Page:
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Cradle of Forestry, Looking Glass Falls, Sliding Rock and Lake Junaluska

Over the past couple of weeks, we have continued to explore the region near Black Mountain.  Recently, Alan hooked up with a plien air painting group for an outing one hour south of us, at a trail just off the Blue Ridge Parkway.  It turned out the spot they had chosen was not inspirational, so we headed toward Brevard, looking for that perfect painting site.  Driving in the early morning light along the Blue Ridge provided gorgeous overviews.

Exiting the Parkway at Hwy. 276, we drove into the Cradle of Forestry.  Located within Pisgah National Forest, the Cradle commemorates the beginning of forestry conservation in the U. S.  Beginning in 1889, George Vanderbilt purchased extensive lands near
Biltmore Forest School
Asheville for construction of the Biltmore Estate.  Prior to this, slash and burn forestry and agriculture had destroyed the forests and reduced nutrients in the soil for successful crop growth.  Vanderbilt hired Gifford Pinchot (later the first head of the USDA Forest Service) to manage his forest, followed by Dr. Carl Schenck.  With Vanderbilt's permission, Schenck started the Biltmore Forest School, a one-room log school and the first forestry school in the country.  His conservation techniques, along with Vandrbilt's support and the groundwork laid by Pinchot, restored the forest to their prior glory.  Visiting the Forest Discovery Center, provides a background to the work accomplished through hands-on exhibits.  Two short trails are available for further exploration, one leads visitors through the reconstructed Biltmore Campus and the other discusses Dr. Schenck's experiments and current forestry techniques.

Sliding Rock
Continuing toward Brevard, we made a stop at Sliding Rock.  This natural
rock formation provides a 60-foot slide through the water into a 50-60 degree, 7-foot pool at the end.  We had not packed bathing suits for our cool morning drive through the mountains, but would not have been tempted in any event.  Observation decks at two points allow non-sliding visitors to watch those that dare to enter the chilly water.  This is a popular attraction during the hot summer months, but even as we approach autumn, there was a line of children and adults waiting to take the plunge.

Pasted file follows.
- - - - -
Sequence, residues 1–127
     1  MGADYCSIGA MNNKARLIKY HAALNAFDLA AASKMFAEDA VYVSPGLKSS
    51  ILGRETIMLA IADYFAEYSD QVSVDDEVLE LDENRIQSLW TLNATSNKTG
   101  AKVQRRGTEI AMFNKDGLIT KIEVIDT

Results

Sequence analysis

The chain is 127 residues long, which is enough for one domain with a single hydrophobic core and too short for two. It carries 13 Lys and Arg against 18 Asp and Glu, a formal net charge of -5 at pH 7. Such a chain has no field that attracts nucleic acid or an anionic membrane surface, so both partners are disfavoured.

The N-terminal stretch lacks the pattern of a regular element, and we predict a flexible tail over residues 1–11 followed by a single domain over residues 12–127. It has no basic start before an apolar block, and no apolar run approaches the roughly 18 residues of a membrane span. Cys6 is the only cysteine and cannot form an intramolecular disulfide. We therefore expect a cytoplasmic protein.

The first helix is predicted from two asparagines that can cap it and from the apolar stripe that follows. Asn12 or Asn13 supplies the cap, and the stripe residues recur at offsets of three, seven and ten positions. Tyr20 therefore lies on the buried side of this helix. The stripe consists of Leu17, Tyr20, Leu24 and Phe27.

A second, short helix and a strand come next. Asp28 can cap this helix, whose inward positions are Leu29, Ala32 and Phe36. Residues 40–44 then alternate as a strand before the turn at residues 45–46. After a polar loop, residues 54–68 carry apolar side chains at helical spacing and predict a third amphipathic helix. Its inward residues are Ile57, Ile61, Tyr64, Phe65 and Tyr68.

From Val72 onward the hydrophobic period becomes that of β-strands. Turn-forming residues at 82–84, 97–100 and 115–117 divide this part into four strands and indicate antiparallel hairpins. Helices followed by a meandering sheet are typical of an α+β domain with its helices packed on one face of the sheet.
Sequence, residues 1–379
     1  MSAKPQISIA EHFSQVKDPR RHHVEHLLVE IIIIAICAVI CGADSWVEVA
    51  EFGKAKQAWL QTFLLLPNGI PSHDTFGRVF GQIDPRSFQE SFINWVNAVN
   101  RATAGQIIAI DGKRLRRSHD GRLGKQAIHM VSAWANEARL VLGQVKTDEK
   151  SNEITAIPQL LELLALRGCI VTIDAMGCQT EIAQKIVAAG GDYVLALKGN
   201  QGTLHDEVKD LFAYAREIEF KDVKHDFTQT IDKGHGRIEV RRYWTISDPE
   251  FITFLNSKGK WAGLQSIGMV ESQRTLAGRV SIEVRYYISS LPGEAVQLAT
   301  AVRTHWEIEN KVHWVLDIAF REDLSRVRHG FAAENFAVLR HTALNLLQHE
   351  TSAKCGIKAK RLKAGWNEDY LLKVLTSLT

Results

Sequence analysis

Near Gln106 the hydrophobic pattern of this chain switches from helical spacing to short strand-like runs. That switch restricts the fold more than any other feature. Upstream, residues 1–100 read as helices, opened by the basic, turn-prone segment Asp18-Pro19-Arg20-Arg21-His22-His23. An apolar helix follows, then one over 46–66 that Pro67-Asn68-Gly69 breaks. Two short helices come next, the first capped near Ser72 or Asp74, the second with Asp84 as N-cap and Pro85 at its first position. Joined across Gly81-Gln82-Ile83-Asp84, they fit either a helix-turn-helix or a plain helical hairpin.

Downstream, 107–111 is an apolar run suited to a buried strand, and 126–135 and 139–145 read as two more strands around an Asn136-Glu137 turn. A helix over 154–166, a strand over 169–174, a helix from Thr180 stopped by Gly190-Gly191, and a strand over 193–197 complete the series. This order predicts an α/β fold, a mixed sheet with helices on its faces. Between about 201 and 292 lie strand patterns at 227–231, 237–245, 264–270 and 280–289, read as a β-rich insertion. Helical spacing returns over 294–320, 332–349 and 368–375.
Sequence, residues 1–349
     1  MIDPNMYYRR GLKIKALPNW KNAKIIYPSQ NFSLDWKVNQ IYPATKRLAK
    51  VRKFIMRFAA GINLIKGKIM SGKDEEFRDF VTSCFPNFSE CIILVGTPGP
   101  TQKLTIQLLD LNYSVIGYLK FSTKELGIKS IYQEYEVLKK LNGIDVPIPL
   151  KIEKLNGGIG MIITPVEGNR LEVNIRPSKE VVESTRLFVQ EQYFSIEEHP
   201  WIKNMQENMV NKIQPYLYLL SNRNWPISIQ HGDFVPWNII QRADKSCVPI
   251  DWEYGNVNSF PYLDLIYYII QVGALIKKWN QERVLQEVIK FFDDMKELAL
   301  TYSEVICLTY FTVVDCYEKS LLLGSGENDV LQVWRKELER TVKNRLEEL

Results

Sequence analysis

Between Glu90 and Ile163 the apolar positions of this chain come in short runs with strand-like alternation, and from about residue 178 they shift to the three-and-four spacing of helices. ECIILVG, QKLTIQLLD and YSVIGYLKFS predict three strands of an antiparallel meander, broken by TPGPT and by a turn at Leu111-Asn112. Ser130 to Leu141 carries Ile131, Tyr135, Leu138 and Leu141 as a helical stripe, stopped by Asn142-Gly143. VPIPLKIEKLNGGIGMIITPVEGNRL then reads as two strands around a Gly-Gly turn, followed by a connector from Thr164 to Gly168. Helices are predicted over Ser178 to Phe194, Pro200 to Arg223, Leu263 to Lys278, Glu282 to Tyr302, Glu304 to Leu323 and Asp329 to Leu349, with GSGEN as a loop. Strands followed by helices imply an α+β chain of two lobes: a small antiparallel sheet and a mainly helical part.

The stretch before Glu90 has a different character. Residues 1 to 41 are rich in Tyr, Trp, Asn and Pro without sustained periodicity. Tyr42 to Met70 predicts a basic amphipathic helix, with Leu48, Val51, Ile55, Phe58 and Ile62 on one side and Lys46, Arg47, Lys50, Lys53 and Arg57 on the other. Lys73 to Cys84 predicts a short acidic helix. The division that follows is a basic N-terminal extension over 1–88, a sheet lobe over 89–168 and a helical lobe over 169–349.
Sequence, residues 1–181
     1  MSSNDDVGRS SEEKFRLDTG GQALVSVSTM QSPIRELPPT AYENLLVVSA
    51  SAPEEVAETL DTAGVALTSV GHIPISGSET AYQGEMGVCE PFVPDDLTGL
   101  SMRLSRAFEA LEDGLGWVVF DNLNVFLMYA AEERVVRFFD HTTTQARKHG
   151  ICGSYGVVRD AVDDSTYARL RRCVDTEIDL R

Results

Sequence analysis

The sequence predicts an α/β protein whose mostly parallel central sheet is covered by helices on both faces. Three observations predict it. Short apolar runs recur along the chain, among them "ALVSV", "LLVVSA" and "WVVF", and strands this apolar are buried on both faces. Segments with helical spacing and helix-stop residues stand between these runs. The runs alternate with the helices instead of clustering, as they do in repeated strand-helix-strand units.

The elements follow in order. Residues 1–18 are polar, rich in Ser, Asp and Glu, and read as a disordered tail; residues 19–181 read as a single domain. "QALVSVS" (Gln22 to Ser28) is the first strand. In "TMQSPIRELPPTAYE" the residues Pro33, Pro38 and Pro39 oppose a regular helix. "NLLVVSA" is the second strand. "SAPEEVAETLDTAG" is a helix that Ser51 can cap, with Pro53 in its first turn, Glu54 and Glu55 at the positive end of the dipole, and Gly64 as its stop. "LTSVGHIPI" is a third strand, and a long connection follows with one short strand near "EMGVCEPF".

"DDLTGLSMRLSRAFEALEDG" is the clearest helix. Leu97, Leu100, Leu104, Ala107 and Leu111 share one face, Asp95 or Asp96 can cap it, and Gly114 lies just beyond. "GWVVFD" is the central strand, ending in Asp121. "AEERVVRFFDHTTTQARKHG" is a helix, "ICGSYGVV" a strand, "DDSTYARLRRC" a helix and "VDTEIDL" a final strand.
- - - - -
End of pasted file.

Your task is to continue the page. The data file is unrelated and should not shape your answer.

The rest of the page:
Looking Glass Falls

A little further down the road, we stopped for Looking Glass Falls.  Located next to the road, the upper level of this stop provides a view of the falls for all visitors, since the top landing is wheel-chair accessible.  The 60-foot falls are a popular stop because of their convenient location.  For a close-up view, there are steps leading down to the water.  A fisherman departing with a string of trout reported good fishing in the stream below the falls, but we hadn't come prepared with rods or licenses.

Lake Junaluska
Later in the week, we drove to Lake Junaluska, west of Asheville.  Though this is primarily a religious retreat, it is open to the public.  Alan set up his easel, to work on a watercolor, as I completed a 5-mile walk around 2 different lake trails.  Kayaking and fishing are also available on the lake, with big-mouthed bass and crappie being caught in the early morning or late afternoon.  Purchasing our N. C. fishing licenses this week, we will finally be able to take advantage of some of the many options.

American Goldfinch at the Lake

Forest Discovery Center
Historic Ranger's House at the Cradle
Looking Glass Creek
At Sliding Rock











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